* Prices may differ from that shown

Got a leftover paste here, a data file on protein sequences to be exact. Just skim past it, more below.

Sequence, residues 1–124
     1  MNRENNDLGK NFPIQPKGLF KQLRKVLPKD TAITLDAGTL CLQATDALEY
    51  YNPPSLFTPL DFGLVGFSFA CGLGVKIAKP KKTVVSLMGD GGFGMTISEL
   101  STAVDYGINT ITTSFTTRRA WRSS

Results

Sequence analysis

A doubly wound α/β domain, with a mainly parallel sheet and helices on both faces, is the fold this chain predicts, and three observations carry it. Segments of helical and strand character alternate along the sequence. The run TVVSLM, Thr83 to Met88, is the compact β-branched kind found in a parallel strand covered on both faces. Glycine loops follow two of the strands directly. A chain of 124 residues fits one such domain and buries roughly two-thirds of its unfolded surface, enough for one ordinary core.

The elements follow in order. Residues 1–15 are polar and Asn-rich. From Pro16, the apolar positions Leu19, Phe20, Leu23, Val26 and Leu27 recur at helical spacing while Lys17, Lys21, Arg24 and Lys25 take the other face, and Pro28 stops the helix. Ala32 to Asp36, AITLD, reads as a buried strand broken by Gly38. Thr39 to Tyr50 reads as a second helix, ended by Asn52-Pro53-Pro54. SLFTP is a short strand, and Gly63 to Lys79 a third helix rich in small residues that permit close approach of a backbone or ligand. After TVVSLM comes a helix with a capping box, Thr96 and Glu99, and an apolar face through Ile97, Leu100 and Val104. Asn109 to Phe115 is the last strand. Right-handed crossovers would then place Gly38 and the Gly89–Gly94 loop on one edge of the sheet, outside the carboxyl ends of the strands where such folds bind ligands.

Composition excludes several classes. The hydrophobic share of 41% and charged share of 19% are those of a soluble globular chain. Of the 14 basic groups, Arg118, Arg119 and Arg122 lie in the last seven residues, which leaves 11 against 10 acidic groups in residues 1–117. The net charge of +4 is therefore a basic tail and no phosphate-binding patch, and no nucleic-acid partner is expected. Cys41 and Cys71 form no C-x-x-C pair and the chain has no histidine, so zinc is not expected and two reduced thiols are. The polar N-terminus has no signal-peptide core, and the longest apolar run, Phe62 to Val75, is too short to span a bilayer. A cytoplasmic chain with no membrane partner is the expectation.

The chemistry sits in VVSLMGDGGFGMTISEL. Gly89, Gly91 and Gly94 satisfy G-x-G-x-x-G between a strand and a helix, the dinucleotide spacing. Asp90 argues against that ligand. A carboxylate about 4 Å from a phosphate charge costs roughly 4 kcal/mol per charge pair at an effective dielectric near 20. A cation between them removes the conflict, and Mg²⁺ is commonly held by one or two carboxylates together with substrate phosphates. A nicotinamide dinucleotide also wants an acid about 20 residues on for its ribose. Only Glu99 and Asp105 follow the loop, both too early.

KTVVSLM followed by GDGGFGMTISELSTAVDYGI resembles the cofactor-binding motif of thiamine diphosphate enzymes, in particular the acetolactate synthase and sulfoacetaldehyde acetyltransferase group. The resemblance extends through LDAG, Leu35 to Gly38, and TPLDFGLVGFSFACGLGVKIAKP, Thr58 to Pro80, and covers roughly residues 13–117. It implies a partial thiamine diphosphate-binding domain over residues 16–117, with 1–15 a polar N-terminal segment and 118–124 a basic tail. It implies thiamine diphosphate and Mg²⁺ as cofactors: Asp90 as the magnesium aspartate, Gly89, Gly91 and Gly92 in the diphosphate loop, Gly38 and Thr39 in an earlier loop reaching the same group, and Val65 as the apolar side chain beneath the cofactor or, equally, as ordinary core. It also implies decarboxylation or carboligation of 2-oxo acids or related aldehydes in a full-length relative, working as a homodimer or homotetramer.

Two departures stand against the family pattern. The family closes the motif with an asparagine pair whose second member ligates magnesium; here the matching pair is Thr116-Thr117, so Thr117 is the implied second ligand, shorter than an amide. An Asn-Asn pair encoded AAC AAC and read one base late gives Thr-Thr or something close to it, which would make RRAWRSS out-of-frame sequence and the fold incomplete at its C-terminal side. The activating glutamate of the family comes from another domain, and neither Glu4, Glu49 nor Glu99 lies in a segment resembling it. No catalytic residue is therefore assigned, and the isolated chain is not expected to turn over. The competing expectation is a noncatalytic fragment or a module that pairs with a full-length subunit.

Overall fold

From the author of THE TRAITOR, comes this second novel which fails to live up to the promise of his debut but is nonetheless still a fairly gripping read. Set in a world where Edward viii failed to abdicate and, in supporting Oswald Moseley, was jointly responsible for Britain falling under facist control, the book follows a hero from the Great War, now a politican, who finds himself leading a resistance movement against the new facist dictatorship he finds himself living in. To be fair, the best parts of the novel are at the very beginning which details the swift fall of human rights and liberty as the Fascists take more and more power unto themselves- censoring the press and advocating the bullying of jews and the destruction of their homes and shops. To those in power, following the ideals preached by their German counterpart Hitler, the jews are an inferior race and there is little thought given to placing them all in work camps and making them toil for the better of the ordinary person. The swiftness this state of mind takes over the general consciousness is very very scary and if you think this sort of thing could never happen nowadays just consider replacing the word jew with foreigner or muslim and you begin to get the feeling that, even in this age, such atrocities could still be possible given the right set of circumstances. It is with the later stages of the novel that this book begins not to work. As our hero Armstrong continually manages to evade his ultimate fate in his bid to depose Moseley, the book begins to lose it's credubility and almost begins to resemble some kind of boys-own adventure - even complete with a sword fight and a chase on horseback at it's climax that cultimates in an old sewer tunnel. What could have been so much better, kind of falls apart at the last hurdle and this is a shame as, until now, the book wasn't half-bad. My advice stick with the far superior FATHERLAND by ROBERT HARRIS or JEFFREY DEAVER'S GARDEN OF BEASTS -both of which leave this firmly in the shade.